A superior court said last week that it would not dismiss a defamation lawsuit filed by prominent climate scientist Michael E. Mann against two conservative publications that called him the “Jerry Sandusky of climate science.”
Composite northern hemisphere temperature reconstructions & published northern hemisphere reconstructions. (Mann et al. 2008)
Mann, a climate science professor at Pennsylvania State University, is best known for his “hockey stick” graph which shows the steady rise in global temperatures in the 20th century. The graph is an iconic visualization of climate change, showing a steep rise in temperatures beginning in the 1950s represented by the “blade” of a hockey stick.
The graph had been a favorite target for attack by climate skeptics even though Mann’s work has been validated by numerous studies and independent investigators.
The fracas began in 2012 when the Competitive Enterprise Institute, a conservative advocacy group, posted this blog, indirectly comparing Mann to the former Penn State football coach and convicted child molester Sandusky. The post read, “instead of molesting children, he has molested and tortured data in the service of politicized science… .”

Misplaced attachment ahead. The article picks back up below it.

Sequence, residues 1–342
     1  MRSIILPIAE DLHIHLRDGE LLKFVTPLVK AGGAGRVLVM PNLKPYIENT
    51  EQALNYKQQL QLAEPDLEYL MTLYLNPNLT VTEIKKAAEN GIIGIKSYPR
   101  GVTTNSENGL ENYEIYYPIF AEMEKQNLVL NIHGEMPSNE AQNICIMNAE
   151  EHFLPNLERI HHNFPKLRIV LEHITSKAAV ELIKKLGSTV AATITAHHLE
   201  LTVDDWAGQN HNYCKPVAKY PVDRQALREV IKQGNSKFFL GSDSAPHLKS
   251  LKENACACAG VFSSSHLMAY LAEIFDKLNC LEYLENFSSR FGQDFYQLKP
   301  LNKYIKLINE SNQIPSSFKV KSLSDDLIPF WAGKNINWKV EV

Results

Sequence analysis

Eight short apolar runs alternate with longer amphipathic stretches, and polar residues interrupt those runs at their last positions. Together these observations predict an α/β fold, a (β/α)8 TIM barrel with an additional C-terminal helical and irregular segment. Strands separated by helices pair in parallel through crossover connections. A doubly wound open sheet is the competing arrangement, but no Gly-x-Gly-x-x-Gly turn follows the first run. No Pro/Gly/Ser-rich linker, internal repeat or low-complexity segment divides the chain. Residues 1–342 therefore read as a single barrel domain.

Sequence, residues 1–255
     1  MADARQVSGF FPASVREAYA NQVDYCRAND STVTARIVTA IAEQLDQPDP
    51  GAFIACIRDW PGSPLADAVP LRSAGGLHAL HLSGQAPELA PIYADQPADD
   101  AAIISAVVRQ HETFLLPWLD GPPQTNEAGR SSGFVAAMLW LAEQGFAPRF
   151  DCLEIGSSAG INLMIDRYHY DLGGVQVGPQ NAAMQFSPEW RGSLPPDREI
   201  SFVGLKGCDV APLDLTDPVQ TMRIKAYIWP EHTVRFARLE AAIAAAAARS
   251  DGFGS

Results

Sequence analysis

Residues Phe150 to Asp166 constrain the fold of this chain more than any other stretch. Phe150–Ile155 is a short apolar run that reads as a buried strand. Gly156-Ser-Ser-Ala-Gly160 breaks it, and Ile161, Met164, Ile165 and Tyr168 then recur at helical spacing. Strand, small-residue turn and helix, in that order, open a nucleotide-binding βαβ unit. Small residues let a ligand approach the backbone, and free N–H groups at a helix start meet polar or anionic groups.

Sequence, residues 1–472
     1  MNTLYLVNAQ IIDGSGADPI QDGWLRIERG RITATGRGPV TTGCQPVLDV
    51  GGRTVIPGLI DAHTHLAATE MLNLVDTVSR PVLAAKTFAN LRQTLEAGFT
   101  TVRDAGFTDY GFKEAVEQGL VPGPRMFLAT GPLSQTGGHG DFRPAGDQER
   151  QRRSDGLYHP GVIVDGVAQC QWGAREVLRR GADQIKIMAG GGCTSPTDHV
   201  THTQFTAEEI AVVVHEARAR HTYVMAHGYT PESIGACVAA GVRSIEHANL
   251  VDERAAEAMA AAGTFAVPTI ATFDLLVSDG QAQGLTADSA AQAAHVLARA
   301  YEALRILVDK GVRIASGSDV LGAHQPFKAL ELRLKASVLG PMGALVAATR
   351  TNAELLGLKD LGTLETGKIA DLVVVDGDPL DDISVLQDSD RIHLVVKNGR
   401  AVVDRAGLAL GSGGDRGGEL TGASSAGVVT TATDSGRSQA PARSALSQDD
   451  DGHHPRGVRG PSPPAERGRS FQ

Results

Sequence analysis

The comparison was later reprinted in the conservative National Review. Both publications were attempting to discredit Mann’s research.
Mann sued both the CEI and National Review in 2012, and the publications later filed motions to dismiss the lawsuit.
Judge Natalia Combs Greene of the Superior Court of the District of Columbia said she would not, and Mann’s case is likely to “succeed on the merits.” She called the language in the blog posts more than just rhetorical hyperbole.
“Plaintiff is a member of the scholarly academy and it is obvious that allegations of fraud could lead to the demise of his profession and tarnish his character and standing in the community,” she wrote.
IMAGES: (Top) Niklas Backstrom #32 of the Minnesota Wild makes a stick safe during the game against the St. Louis Blues on April 11, 2013 at Xcel Energy Center in St Paul, Minnesota. (Photo by Hannah Foslien/Getty Images)